No need to apologise for liking the nostalgic side of The Aints! That’d be the part represented by the segment of their live show, comprising the songs of the Kuepper Saints from their first three studio albums. This live document - culled from their 2018 Australian gigs - showcases the songs in all their sweaty, over-driven glory.
While a bracket of the “new” Saints songs would have been equally welcome from the studio album "The Church of Simultaneous Existence", there’s no complaining about this collection. Ten tunes, classics mostly, and all breathing fire.
One of those online dictionaries defines "freakbeat" as "a sub-genre of rock and roll music developed mainly by harder-driving British groups, often those with a mod following during the Swinging London period of the mid to late 1960s".
Fair enough. This review is written by someone who used "The Rubble Collection" of UK freakbeat as the soundtrack to painting a dining room wall. There are 10 discs in that box set and, no, it didn't all of them to get the job done. Almost.
The point is that if you don't know the tag, you'll know th sound. Odds are you've probably heard, latched onto and loved a freakbeat band without consciously knowing it. In which case, you're a candidate to be equally besotted with The Galileo 7.
How do you sum up the musical career of Billy Childish, England's finest, over two CDs or six sides of vinyl? "Punk Rock Ist Nicht Tot" (translation: Punk rock is not dead) pulls it off pretty well.
The Childish oeuvre isn't for everyone. Across various groups - the Pop Rivets, Thee Milkshakes, Thee Headcoats, Thee Mighty Caesars, Musicians Of The British Empire, The Buff Medways and CTMF among them - Billy has been the poster child for low-fi, crudely-recorded, minimalist rock and roll.
Whip smart lyrics, sometimes confessional and often sardonic or profane, delivered in the voice of a street hooligan and set against distortion and dissonance. As a guitarist, Billy is no Steve Vai and for that we can all be eternally fucking grateful.
The American college town of Ann Arbor - A2 to the locals - has a lot to answer for. This re-issue of a long out-of-print live recording of some of its famous sons makes it apparent.
Originally released on CD only by Philadelphia's Real O-Mind Records in 2002, it's on vinyl as well as shiny silver disc this time around, and marks the return of David Laing's Grown Up Wrong label.
Everything about this show smokes. Powertane were the vehicle for A2 legend Scott Morgan, a soul prodigy (The Rationals) who made up a quarter of one of the greatest guitar rock and roll bands to ever go MIA in the mists of musical legend status, Sonics Rendezvous Band.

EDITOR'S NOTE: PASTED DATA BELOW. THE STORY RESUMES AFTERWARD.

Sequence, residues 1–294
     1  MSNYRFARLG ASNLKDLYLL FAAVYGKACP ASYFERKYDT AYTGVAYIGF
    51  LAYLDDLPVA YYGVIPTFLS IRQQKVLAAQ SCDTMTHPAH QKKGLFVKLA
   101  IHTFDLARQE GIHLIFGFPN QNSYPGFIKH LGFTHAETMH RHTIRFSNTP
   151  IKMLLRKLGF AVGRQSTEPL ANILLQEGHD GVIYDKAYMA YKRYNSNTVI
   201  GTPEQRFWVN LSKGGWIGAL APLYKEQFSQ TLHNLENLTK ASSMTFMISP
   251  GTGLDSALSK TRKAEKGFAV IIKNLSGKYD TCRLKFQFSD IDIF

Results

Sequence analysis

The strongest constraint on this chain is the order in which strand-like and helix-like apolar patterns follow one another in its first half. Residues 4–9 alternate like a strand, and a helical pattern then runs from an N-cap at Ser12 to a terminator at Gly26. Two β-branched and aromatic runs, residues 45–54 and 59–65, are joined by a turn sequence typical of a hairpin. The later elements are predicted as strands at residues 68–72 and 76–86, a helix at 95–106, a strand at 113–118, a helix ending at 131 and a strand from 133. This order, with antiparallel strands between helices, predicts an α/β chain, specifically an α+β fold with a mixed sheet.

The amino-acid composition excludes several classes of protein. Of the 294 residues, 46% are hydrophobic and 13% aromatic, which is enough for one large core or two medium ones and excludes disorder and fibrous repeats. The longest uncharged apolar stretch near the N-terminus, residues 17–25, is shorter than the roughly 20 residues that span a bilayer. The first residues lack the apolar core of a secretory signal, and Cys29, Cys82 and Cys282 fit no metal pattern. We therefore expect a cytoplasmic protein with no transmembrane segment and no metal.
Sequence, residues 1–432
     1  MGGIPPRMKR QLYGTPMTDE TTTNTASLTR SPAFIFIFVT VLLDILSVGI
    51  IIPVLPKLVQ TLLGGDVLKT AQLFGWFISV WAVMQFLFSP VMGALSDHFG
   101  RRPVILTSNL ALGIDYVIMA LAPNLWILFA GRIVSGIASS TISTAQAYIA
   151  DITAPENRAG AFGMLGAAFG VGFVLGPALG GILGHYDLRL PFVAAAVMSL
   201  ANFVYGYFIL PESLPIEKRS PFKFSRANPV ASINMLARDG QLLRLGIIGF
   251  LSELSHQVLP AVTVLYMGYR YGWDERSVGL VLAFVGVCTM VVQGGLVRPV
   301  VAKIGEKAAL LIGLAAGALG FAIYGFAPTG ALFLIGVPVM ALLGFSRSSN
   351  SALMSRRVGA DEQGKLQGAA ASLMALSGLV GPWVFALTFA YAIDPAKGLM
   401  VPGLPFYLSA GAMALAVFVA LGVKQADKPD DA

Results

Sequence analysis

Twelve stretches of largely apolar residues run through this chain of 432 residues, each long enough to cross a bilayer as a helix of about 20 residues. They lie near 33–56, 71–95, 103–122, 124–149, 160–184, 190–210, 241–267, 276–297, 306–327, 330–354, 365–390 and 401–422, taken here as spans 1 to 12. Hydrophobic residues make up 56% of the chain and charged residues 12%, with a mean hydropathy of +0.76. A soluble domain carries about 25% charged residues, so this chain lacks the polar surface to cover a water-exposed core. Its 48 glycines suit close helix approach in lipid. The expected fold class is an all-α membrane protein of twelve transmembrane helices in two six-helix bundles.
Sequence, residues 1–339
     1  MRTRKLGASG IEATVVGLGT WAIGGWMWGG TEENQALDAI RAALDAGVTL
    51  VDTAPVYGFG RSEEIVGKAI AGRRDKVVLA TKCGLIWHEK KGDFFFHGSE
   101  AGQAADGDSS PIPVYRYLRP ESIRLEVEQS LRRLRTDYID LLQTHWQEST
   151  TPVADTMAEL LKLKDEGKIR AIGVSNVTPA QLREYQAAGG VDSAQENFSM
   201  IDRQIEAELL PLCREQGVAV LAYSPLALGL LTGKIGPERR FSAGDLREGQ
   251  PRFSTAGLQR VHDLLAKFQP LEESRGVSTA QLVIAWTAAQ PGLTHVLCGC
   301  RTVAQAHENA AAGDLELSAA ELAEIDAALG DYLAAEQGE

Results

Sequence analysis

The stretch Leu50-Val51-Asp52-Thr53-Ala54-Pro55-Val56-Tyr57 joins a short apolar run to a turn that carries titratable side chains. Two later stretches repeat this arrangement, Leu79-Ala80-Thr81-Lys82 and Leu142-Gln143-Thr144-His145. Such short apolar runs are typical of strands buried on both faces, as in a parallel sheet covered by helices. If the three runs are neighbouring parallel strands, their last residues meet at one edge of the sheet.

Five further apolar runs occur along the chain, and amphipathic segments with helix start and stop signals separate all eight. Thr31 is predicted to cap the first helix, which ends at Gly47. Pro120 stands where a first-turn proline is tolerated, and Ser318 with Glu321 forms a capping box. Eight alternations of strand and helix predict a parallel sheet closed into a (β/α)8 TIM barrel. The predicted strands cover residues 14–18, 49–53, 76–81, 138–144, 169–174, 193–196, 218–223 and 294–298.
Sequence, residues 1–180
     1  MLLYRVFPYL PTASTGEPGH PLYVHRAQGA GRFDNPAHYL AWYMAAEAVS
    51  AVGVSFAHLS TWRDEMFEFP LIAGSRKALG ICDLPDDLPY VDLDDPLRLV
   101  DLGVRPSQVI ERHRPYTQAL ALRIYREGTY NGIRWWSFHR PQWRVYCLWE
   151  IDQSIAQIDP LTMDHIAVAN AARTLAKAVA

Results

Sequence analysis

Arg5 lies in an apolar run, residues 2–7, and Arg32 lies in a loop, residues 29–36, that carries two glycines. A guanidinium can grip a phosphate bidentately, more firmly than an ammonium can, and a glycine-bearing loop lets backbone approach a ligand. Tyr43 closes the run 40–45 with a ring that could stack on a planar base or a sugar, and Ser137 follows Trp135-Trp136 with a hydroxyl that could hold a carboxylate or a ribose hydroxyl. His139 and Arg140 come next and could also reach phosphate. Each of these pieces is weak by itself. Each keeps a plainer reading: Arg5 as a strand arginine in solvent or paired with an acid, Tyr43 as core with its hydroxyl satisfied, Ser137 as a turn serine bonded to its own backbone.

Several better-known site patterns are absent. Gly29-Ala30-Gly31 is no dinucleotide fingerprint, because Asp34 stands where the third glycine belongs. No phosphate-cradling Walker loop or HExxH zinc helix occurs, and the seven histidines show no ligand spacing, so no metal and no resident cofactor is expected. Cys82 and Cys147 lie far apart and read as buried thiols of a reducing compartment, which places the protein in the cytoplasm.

You’d be right if you said reggae doesn’t get much of a look-in at the I-94 Bar. It's not that anyone’s allergic to it, but rock and roll is the staple beer on tap.
You can argue that the Clash turned out their own kind of rock-reggae with mixed results, but the genre remains at the margins around much of the world - like its distant punk rock cousin.
Bob Marley introduced the wider world to reggae in the ‘70s but it had been entrenched in Jamaica for generations. A generation of immigrants had already spread rocksteady and ska to the UK.
The music that Marley brought to stadiums and concert halls was a few steps away from the sound that pervaded the alleys of Trenchtown. Major labels provided th bread, not Jah, and their producers rubbed the rough edges off Marley, Peter Tosh and Jimmy Cliff to make them acceptable to mass market ears.
Their bid to become a sovereign state might have crashed and burned five years ago, and they still haven't worked out how to banish those Sassenachs* from north of Hadrian's Wall, but the Scots have never been short of a political opinion. Just put a pint of beer in front of an Edinburgher** - or a microphone in the case of The Media Whores - and you'll get your money's worth.
“A Decade of Defiance” is a compilation of tracks from The Media Whores' three albums and one EP, with three cuts thrown in to preview their forthcoming new long-player.
* English person
** Person from Edinburgh